These other three blended terms were coined in the past decade:
anabapterian n. [anabaptist + Presbyterian] A Christian who identifies with aspects of the anabaptist tradition and Presbyterianism.
2006 kiwiblog.co.nz (16 Jan.) : If you had visited yesterday each one of the more than one hundred churches on the North Shore ranging through Methanglophalian to AnaBapterian Calathumpian Holy Rollers and asked ten people at each for their opinions on abortion and battery-caged hens you would find a wide range of opinions on both issues. 2011 jasongoroncy.com (27 Jan.) : I also omitted the Anabapterians (not thinking of anyone in particular) and the Angliterians. 2011 mennodiscuss.com (4 Mar.) : “Skyler, you could be an Anabaptist Reformed Mennobaptist Presbyter!” “I think you mean a Reformed Anabapterian.”
anabapticostal n. [anabaptist + Pentecostal] A Christian who identifies with aspects of the anabaptist tradition and Pentecostalism.
2006 christianforums.com (27 Nov.) : One very influential church of my youth was a home church of Pentecostals. We sang out of an old hymnal, but all of the songs were sung faster than they were supposed to…. I prefer a casual unison style with or without instruments. Throw in some hand raising and clapping and it is just about heaven. I guess you can tell I am an Anabapticostal. 2010 etsy.com (15 Jan.) : I’ve been a born-again Christian for 19 years. The best way I could describe my family’s faith is non-denominational, anabapticostal…. In other words, we believe in non-resistance as the Anabaptists do, but we also believe that God’s gifts of the Holy Spirit are still in operation today. So that means that there’s no particular church denomination that we adhere to—just following Jesus as best as we can from what we see in the scriptures. 2010 mytotalmoneymakeover.com (24 Jul.) : We are Anabapticostals (half Pentecostal and half Anabaptist—at least for now). I think [we are] the only ones. 2011 mennodiscuss.com (4 Mar.) : “My faith journey tells me that Reformed Baptist theology and Mennonite (Anabaptist) theology are kind of like theological oil and water; they don’t mix real well.” “Dan, that is why you need to become an Anabapticostal!” 2013 raptureforums.com (27 Oct.) : We now go to a church that calls itself Baptist, but it’s actually an Anabaptist church, or rather, an Anabapticostal church.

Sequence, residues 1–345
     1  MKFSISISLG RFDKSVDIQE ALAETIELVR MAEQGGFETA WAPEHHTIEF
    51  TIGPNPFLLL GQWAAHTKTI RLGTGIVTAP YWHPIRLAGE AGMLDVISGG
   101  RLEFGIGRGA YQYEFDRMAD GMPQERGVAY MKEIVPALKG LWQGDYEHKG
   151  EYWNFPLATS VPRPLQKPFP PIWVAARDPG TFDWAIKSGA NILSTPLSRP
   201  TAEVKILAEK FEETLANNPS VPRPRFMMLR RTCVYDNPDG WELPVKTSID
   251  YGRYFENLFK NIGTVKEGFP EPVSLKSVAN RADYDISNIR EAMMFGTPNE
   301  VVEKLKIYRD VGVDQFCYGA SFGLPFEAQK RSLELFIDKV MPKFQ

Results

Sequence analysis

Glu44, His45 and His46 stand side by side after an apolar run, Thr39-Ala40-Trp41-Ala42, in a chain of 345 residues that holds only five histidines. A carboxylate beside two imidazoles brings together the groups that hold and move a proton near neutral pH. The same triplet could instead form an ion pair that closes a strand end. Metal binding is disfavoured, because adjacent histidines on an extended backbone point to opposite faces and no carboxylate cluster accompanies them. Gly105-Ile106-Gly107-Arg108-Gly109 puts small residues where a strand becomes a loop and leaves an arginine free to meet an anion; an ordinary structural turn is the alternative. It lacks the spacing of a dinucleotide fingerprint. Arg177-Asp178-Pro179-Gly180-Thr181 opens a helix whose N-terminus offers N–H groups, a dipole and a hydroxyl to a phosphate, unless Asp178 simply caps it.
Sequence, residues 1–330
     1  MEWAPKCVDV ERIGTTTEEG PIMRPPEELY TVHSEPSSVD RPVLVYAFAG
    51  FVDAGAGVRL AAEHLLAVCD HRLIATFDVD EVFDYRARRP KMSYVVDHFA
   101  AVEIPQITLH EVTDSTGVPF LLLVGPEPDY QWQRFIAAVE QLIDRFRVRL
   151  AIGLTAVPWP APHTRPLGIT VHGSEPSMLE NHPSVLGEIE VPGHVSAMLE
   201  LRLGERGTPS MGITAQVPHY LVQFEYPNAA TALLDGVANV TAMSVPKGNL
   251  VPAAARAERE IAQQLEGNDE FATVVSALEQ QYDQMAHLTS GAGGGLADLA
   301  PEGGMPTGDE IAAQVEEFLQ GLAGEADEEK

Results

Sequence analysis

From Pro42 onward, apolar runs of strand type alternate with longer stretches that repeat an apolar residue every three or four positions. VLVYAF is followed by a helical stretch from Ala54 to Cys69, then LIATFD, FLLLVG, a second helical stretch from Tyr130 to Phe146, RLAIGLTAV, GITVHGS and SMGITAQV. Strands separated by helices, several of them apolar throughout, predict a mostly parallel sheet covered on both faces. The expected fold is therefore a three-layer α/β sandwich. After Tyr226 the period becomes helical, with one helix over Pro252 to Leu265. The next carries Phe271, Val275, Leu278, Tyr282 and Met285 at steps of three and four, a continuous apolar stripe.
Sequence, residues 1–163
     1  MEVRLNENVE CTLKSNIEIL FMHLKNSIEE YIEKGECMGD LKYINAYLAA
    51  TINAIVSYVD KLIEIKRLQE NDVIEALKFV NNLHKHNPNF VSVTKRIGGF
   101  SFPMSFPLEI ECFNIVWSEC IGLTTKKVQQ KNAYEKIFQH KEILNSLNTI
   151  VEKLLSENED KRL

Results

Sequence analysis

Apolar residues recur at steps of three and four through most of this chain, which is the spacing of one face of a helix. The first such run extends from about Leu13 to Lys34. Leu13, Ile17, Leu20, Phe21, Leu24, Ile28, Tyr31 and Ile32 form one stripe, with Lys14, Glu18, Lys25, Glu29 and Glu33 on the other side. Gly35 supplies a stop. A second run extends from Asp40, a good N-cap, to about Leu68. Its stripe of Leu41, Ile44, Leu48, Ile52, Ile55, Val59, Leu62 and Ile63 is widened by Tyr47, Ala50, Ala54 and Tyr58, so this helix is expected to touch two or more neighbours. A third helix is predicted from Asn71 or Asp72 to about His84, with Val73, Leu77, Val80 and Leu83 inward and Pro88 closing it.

anabaptismatic n. [anabaptist + charismatic] Also (ana)baptismatic. A Christian who identifies with aspects of the anabaptist tradition and the charismatic movement.
2008 freeliberal.com (10 Jul.) : I’ve even been a Baptist myself. In fact, my first response when asked what variety of Christian I am is always “Baptist,” even though “(ana)baptismatic” would be more accurate. 2008 sightmagazine.com.au (28 Jul.) : If Obama and the Democrats can win over the evangelicals of America, it would be a huge story. We (if I’m even one of “them”—does an “(ana)baptismatic” count as an evangelical?) tend to vote Republican.